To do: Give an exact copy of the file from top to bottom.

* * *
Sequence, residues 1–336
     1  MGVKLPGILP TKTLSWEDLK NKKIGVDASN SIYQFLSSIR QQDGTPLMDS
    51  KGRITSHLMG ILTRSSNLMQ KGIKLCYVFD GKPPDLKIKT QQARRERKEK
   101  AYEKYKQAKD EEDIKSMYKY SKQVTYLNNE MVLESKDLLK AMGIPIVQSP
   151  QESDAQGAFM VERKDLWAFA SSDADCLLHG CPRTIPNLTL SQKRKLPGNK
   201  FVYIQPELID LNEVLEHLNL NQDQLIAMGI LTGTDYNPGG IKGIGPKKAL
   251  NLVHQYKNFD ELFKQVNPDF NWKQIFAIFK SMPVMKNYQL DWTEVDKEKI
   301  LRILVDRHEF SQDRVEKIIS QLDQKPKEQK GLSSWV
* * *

Sequence, residues 1–336
     1  MGVKLPGILP TKTLSWEDLK NKKIGVDASN SIYQFLSSIR QQDGTPLMDS
    51  KGRITSHLMG ILTRSSNLMQ KGIKLCYVFD GKPPDLKIKT QQARRERKEK
   101  AYEKYKQAKD EEDIKSMYKY SKQVTYLNNE MVLESKDLLK AMGIPIVQSP
   151  QESDAQGAFM VERKDLWAFA SSDADCLLHG CPRTIPNLTL SQKRKLPGNK
   201  FVYIQPELID LNEVLEHLNL NQDQLIAMGI LTGTDYNPGG IKGIGPKKAL
   251  NLVHQYKNFD ELFKQVNPDF NWKQIFAIFK SMPVMKNYQL DWTEVDKEKI
   301  LRILVDRHEF SQDRVEKIIS QLDQKPKEQK GLSSWV